“Downtown is doing better than it has in a generation,” a proud Jay A. Perman, MD, president of the University of Maryland, Baltimore (UMB) and board chair of the Downtown Partnership of Baltimore (DPOB), told hundreds of the city’s top business and political leaders at a Sept. 27 gathering.
The occasion was the annual meeting of the DPOB, which oversees the Downtown Management Authority, Baltimore’s oldest and largest business improvement district. It also was the 10th anniversary of the completion of DPOB-guided renovations of the meeting’s location, Center Plaza at the heart of the Charles Center neighborhood at West Fayette and North Charles streets.
“We were confronted with a public space that had a problem,” said DPOB President and CEO Kirby Fowler, looking back at 2007. “It was cold and dark, and it needed some new life. It needed a solution. So we teamed up and created a public-private partnership, a $7.5 million partnership involving on the private side BGE, Peter Angelos, Southern Management (Corporation), and then on the public side Baltimore City, the state of Maryland, and the U.S. government.”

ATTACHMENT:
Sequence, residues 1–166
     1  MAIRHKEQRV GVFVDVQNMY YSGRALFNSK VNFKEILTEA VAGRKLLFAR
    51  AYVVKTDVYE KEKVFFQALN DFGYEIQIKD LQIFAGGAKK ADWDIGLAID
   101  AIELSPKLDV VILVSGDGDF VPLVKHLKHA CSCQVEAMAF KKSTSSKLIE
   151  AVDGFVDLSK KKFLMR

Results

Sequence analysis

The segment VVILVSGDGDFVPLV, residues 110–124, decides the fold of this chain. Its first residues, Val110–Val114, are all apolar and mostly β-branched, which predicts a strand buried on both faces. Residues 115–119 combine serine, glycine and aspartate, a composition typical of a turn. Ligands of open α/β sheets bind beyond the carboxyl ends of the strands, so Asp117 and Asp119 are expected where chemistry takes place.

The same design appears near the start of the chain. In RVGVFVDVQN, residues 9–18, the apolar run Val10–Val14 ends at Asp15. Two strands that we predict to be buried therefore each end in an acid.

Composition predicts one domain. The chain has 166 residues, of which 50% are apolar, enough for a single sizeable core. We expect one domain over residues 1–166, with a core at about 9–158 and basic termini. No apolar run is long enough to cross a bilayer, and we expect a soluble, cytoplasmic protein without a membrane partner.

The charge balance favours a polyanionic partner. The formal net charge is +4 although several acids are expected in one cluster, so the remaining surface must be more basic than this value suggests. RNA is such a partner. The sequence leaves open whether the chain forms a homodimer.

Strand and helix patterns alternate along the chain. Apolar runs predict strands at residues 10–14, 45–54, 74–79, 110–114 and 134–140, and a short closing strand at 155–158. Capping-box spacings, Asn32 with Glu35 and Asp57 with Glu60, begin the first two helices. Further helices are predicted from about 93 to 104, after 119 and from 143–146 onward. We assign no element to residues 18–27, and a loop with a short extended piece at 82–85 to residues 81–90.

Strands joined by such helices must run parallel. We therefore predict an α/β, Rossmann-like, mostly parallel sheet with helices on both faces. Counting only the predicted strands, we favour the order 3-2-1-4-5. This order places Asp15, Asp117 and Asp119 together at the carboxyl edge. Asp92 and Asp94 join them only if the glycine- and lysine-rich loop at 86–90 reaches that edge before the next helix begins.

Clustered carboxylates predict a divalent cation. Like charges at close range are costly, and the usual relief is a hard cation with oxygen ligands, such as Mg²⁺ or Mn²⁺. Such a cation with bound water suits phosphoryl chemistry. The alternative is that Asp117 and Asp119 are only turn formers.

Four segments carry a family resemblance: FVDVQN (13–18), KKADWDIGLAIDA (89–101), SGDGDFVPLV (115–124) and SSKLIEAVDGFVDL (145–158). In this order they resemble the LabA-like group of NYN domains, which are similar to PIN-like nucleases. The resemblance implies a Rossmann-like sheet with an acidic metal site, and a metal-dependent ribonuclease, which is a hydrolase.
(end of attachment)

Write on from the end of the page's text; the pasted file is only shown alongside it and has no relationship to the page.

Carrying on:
Fowler also used the occasion to celebrate the findings of the organization’s latest housing study. In it, the consulting firm Zimmerman/Volk Associates predicts demand for nearly 7,000 new housing units in the downtown area over the next five years. The number is surprising, given the rapid rate of housing growth in the area recently. The study shows that more than 5,000 new housing units were added since 2012, yet the vacancy rate remains a very high 94 percent.
“It’s all of us working together,” said Baltimore Mayor Catherine Pugh, pointing to other strong signs of growth. “We talked about over a half a billion dollars in investment, $500 million in investment in downtown. That does not include the over $200 million that Goldman Sachs just invested in Port Covington so that we can bring Amazon here to Baltimore.”
After cheers brought on by the reference to Baltimore’s bid to be the site for Amazon’s new second headquarters, she added, “Kirby, we could not have a better partner in Downtown Partnership with you as the president and CEO. … I’m so excited about this partnership, and Dr. Perman, it seems like we’re going to be partners every single day. I just saw you earlier today.”
“Downtown is enjoying a wave of office expansions, hotel openings, corporate relocations, and really a creative energy that makes us the epicenter of the region’s art and the region’s culture,” Perman agreed. “Everyone here in this plaza has had a hand in that success. “